3. Hurray for the Riff Raff's The Navigator just needs to be on this list. While I tend to avoid putting the usual suspects on such lists, there's no questioning that The Navigator is so transcendent and powerful that it deserves every single accolade it gets. Anything to put this album in more people's ears. This is a quasi-allegorical album that celebrates life in New York City -- particularly in Puerto Rican barrios like East Harlem and the South Bronx, and the devastating losses the city faces as these communities fall prey to "revitalization." (A theme that also runs through the Lee Bains album with respect to Birmingham.) "Pa'lante" in particular should not be mistaken as anything other than a call to the Puerto Rican community. We all have a lot to learn from and to honor of the Young Lords' legacy, and this song stands testament to that struggle.
2. Would it be a top-ten list on this website if there weren't a project related to Micah Schnabel or Shane Sweeney? I only listened to Micah Schnabel's Your New Norman Rockwell a few times. It just cuts too deeply. But Micah happened to be playing New York the day after the election, and his songs about poverty in the Midwest have taken on an especially heavy weight this year. But Micah's own strength and perseverance will buoy you no matter the storm.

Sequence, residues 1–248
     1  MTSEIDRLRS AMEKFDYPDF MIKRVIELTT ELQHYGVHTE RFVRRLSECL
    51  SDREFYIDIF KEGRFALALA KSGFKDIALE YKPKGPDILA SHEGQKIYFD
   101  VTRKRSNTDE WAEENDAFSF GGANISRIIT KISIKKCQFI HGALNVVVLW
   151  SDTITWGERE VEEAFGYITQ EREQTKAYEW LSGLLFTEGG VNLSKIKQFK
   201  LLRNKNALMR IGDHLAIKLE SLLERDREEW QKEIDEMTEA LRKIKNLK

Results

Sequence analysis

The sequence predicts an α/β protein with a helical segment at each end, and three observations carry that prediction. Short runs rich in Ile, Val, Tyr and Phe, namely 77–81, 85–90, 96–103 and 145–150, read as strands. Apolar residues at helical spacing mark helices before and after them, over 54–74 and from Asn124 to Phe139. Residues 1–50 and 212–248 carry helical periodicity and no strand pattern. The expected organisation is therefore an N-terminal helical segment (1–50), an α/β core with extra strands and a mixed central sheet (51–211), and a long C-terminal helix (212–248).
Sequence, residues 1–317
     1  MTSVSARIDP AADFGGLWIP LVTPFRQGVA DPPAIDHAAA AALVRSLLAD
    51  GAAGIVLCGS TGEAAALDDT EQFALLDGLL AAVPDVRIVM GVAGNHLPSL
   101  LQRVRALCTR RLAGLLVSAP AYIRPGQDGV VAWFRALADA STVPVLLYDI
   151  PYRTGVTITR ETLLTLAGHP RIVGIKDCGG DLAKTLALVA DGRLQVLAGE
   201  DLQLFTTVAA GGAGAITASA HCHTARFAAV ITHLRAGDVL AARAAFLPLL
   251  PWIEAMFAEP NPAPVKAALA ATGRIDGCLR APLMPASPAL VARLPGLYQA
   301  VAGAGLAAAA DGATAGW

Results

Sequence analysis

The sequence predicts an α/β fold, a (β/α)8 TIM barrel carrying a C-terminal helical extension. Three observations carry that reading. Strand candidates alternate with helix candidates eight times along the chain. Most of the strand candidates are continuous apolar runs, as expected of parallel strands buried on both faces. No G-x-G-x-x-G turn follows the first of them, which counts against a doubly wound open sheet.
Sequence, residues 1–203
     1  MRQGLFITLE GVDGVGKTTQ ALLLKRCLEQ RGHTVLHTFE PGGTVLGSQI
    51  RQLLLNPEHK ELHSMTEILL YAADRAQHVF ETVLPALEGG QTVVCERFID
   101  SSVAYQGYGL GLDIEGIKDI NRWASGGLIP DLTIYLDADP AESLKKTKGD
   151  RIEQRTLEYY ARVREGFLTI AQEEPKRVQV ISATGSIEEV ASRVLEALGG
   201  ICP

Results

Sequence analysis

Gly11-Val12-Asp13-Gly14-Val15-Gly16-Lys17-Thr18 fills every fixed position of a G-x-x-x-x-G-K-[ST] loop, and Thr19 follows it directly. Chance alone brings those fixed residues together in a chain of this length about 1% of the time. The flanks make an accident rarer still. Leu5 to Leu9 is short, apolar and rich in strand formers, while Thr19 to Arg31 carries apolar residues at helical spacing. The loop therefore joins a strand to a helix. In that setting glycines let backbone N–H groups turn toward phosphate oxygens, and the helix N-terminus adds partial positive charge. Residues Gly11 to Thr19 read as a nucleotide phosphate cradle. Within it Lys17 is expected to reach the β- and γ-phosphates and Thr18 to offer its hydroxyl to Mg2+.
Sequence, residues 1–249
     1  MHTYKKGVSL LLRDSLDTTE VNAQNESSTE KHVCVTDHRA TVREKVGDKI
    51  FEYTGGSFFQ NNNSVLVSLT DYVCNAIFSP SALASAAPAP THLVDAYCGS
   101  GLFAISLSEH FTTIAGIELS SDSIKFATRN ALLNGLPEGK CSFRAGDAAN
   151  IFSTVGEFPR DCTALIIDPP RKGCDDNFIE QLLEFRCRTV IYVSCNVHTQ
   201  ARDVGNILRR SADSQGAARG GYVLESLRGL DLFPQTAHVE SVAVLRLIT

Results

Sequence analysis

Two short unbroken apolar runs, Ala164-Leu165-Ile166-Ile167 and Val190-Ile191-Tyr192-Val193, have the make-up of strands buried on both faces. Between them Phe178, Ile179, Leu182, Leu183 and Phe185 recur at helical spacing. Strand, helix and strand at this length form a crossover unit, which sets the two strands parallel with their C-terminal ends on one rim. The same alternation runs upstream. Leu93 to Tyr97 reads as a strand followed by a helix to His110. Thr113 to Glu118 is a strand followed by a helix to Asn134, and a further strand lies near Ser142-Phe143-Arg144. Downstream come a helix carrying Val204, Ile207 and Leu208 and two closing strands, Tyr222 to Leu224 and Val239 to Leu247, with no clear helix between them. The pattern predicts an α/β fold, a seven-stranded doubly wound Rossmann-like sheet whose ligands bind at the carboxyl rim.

1. When I wrote the review for Worriers' Survival Pop, I said that I would never need another album again. In spite of the previous nine entries, that's still true. When I was happy, I listened to this album. When I was depressed, I listened to this album. When I felt pissed off about politics, I listened to this album. When I was annoyed by yet another stranger on the street baldly trying to guess my gender (as if it matters to them), I listened to this album. One of the most fun I had a concert this year was with all the other queer punks at their concert. Lauren DeNizio's gift for distilling complicated themes about gender identity, mental health, and politics is a rare one. I hope to see you at their next show.